Following a successful recruitment process, most business owners are eager to get new hires onboard and working. But the notion that new employees can jump in and become productive without ongoing help is an outdated one. To retain the talent your business worked so hard to attract, you need a solid plan for onboarding new hires and a checklist of everything they need to succeed.
Why Your Business Needs an Onboarding Strategy
Gone are the days when a simple orientation was enough to introduce employees to their new work environment. In fact, experts now suggest that your business should be prepared to invest up to a year in grooming new personnel.
Developing a standardized onboarding strategy is critical for:
- Integrating new hires into your company’s culture.
- Providing them with the tools and guidance they need to perform.
- Helping them build positive, productive work relationships.
The way you handle an employee’s first days, weeks, and months often determines whether they leave, stay, or ultimately thrive. So, we’ve put together an onboarding checklist to help you and your new hire get the most from their first year of employment.
Before Your Employee Starts Work
Rather than having new hires spend their first day on the job filling out paperwork, use email or an online onboarding portal to have them read and sign key documentation, including:
- Employment contracts, TD1 tax forms, and other payroll and benefit information.
- Your company’s employee handbook and details about their specific job duties.
- A first-day-of-work primer outlining where to go and who to ask for on arrival, and any dress expectations.
You should also make a point of setting up your new hire’s workspace – complete with telephone, computer, and fully functional logins and passwords – before they start work.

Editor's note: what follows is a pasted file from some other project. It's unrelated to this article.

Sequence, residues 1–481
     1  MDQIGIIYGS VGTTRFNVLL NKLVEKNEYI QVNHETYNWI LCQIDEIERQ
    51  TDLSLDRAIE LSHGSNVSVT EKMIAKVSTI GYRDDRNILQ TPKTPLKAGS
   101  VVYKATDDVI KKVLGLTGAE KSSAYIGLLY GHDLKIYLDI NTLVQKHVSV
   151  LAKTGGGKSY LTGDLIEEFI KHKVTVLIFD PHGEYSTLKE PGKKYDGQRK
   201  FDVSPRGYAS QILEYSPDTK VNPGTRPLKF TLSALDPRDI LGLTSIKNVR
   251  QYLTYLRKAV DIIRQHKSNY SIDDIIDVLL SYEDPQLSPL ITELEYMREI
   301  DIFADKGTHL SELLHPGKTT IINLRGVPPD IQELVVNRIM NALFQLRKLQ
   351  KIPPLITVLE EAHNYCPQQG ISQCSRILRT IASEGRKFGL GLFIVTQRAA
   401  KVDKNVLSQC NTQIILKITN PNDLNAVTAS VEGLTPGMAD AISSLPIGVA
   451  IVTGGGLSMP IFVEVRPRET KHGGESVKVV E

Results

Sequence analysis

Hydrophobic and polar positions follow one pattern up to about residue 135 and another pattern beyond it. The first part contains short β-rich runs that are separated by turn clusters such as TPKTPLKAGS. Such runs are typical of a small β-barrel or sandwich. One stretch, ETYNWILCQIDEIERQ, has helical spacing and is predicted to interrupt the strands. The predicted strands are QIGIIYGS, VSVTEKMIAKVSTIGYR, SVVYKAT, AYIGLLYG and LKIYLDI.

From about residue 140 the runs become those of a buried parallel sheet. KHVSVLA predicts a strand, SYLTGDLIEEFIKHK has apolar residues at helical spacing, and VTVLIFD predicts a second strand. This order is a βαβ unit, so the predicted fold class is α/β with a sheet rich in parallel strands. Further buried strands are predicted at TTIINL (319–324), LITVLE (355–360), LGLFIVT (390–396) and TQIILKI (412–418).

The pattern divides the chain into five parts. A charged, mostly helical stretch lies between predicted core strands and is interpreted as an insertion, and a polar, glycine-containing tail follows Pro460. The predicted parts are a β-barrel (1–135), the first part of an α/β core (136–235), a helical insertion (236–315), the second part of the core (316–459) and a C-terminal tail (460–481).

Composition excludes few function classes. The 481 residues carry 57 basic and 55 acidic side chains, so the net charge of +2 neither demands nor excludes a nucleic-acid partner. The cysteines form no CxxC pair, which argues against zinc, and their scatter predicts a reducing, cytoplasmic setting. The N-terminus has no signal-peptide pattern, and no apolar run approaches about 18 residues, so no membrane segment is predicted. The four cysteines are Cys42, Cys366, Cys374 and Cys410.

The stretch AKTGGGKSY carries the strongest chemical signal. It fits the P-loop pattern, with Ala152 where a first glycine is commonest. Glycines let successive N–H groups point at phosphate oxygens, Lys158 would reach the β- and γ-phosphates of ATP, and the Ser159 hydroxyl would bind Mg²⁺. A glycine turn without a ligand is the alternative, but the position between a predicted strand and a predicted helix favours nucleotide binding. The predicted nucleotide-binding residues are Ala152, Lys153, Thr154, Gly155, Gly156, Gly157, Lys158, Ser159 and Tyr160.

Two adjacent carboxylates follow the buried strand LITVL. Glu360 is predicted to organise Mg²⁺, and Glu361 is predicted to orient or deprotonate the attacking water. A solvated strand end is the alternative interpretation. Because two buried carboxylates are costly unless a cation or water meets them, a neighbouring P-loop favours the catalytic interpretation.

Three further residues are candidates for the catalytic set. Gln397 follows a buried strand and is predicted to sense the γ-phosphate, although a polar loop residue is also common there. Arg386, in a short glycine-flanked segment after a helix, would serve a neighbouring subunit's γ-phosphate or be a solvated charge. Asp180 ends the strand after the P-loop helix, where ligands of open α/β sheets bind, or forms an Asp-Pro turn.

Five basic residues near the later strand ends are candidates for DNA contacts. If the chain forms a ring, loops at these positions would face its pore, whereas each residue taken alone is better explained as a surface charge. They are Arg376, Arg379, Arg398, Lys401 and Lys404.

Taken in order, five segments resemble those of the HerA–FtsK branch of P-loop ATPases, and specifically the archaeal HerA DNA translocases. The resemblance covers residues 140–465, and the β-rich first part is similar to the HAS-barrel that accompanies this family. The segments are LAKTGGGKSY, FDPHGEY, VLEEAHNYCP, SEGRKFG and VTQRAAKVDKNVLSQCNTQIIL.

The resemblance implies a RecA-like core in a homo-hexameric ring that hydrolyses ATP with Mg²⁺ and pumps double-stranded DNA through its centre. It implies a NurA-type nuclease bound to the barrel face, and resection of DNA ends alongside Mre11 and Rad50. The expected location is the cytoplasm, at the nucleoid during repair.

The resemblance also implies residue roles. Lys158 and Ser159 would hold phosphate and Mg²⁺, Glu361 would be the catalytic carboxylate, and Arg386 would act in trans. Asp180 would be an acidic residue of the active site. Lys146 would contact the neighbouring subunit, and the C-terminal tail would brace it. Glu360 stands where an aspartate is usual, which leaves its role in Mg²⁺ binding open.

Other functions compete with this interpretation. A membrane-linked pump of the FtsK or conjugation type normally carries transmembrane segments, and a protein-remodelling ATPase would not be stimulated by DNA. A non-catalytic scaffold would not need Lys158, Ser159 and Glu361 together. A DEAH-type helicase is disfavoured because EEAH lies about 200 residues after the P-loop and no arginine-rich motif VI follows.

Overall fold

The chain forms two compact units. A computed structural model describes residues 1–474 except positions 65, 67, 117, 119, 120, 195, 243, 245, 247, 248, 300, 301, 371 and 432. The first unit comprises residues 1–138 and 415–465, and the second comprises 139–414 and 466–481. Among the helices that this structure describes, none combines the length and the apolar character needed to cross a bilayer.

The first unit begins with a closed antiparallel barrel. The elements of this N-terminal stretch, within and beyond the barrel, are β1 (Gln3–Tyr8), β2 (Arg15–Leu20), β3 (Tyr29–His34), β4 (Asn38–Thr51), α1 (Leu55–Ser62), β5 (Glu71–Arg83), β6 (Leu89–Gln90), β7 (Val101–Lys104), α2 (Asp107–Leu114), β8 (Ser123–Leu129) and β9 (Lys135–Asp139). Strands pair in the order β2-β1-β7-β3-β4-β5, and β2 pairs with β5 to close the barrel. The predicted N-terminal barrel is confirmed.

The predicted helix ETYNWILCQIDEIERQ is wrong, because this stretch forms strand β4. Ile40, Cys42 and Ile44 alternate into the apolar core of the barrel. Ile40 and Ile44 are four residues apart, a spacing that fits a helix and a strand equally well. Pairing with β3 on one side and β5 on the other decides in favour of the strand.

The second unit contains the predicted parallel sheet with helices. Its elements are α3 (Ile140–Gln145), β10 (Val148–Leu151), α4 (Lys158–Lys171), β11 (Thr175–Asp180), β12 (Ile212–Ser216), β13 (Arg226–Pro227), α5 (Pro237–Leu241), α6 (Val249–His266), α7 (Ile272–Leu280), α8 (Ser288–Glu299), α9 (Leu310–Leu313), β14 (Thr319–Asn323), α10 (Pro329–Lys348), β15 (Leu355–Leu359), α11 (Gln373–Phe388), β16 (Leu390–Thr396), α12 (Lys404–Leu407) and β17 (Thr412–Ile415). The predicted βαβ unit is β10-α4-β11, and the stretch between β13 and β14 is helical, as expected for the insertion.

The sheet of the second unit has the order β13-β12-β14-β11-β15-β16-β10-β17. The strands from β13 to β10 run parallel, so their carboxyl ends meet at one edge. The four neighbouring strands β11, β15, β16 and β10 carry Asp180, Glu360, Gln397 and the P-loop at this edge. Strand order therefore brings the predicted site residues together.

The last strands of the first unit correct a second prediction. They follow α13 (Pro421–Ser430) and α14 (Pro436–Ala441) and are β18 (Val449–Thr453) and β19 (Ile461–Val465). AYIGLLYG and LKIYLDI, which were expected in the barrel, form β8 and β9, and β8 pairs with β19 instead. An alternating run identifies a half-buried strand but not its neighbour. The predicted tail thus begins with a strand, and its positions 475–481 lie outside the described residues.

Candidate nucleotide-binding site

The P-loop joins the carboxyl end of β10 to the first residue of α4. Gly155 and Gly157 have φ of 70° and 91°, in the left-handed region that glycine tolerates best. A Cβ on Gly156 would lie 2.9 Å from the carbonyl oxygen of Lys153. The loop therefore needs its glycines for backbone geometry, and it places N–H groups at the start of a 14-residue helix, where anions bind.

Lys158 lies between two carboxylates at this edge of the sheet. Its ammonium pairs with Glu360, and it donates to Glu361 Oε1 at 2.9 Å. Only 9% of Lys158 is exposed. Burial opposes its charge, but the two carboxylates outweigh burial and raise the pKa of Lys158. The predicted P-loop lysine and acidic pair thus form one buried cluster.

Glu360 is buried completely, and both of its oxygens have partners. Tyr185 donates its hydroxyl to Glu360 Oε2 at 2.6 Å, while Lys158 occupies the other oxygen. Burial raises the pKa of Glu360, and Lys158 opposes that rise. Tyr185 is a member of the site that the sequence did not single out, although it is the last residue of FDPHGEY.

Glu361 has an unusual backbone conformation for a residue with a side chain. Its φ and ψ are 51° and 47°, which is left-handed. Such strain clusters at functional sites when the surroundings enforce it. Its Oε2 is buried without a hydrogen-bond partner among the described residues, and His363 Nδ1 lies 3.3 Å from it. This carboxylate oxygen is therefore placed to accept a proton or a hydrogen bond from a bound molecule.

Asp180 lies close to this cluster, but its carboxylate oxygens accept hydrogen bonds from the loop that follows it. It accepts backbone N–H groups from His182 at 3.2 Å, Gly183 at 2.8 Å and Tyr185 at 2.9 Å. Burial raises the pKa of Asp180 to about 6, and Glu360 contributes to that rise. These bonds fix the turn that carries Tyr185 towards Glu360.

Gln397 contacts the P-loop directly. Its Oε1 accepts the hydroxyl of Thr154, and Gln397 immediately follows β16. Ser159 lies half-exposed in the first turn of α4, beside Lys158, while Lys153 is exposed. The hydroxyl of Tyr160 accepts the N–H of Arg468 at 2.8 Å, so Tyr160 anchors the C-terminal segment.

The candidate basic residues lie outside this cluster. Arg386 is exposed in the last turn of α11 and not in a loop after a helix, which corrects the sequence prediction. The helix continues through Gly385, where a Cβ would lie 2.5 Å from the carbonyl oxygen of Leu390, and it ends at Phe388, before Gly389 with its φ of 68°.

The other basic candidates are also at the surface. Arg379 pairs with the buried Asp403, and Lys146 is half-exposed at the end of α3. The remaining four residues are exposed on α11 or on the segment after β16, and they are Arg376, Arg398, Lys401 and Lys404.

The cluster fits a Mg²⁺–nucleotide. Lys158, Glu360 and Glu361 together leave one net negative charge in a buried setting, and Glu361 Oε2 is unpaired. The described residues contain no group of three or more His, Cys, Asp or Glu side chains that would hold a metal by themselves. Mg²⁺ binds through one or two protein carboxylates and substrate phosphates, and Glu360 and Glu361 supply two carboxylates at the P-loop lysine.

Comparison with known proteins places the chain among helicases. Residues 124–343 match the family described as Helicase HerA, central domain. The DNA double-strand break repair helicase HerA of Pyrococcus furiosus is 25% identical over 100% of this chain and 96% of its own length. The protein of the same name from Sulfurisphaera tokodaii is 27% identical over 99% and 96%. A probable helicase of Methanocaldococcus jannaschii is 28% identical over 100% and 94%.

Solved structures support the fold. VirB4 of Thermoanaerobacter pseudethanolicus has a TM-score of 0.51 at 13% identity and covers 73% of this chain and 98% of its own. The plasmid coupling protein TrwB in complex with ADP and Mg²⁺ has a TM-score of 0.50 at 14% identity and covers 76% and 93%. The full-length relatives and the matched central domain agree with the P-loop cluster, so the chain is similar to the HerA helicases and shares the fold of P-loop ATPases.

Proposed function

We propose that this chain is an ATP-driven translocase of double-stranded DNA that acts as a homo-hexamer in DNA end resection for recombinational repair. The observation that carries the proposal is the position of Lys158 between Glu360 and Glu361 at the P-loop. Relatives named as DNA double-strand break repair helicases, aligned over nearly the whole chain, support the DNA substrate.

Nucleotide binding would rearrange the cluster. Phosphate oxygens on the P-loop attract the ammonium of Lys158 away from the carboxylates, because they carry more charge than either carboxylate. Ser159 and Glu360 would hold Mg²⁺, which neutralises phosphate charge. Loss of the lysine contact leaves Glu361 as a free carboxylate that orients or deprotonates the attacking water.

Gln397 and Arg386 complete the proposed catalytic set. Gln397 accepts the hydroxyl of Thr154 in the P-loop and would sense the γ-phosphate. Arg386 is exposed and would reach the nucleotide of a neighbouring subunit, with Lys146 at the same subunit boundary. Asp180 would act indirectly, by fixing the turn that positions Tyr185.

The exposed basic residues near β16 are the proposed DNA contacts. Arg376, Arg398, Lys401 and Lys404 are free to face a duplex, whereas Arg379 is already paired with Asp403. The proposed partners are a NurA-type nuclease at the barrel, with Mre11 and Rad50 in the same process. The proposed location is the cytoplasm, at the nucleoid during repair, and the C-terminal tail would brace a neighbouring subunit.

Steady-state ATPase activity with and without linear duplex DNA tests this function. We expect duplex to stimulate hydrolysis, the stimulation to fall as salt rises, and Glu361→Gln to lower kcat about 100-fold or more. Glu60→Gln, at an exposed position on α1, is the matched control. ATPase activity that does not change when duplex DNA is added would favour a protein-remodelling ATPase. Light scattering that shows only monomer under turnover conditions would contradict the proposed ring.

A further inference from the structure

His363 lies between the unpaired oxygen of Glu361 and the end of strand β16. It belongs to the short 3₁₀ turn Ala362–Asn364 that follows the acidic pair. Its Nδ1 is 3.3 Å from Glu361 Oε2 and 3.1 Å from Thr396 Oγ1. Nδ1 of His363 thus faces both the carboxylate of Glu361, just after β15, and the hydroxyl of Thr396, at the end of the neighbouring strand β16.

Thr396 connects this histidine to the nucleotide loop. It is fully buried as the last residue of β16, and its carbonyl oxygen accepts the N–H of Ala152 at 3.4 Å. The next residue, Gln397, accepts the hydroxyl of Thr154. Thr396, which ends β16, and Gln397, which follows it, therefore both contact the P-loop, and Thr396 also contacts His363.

The First Day
It’s only natural to want to set expectations and introduce work objectives right out of the gate. But it’s equally important to extend a warm welcome to your new employee that recaptures the enthusiasm of their recruitment experience.
- Prepare existing staff for your new hire’s arrival by outlining the employee’s intended role, and how it will or won’t affect their work as a team.
- Assign a staff member to greet and orient their new coworker.
- Make time to meet and welcome your employee on the first day, and make sure they’re clear on their responsibilities.
- Give your new hire a chance to get to know their coworkers by taking them to lunch or arranging an informal gathering.
The First Six Months
While it’s important for employees to adapt seamlessly to both their new position and your company’s culture, you should take care not to inundate them with too much information, too quickly.
- Provide only the foundational training your new hire needs during their first week of employment.
- Encourage them to pick a mentor, or assign a point-of-contact person who can answer any questions they have.
- Conduct a one-month review where you can a) check in on your employee’s comfort and engagement levels, and b) provide thoughtful feedback on their contributions to date.
- Given that some 33% of new employees quit within 90 days, it’s advisable to conduct follow-up reviews after 3 and 6 months.
The End of The First Year
Once you’ve successfully guided your new hire through their first year of employment, you can shift your focus to developing their future potential. Conduct an end-of-year performance assessment where you can:
- Gauge your employee’s satisfaction level and job aspirations.
- Discuss potential career directions and professional development opportunities.
- Outline any plans for increased compensation.
Many employers have learned the hard way that an ineffective or nonexistent onboarding strategy results in lost productivity, poor employee retention, and decreased workplace morale. Delighting new hires from Day 1 is not only the new norm, it’s an effective way to sidestep the harsh costs of rehiring.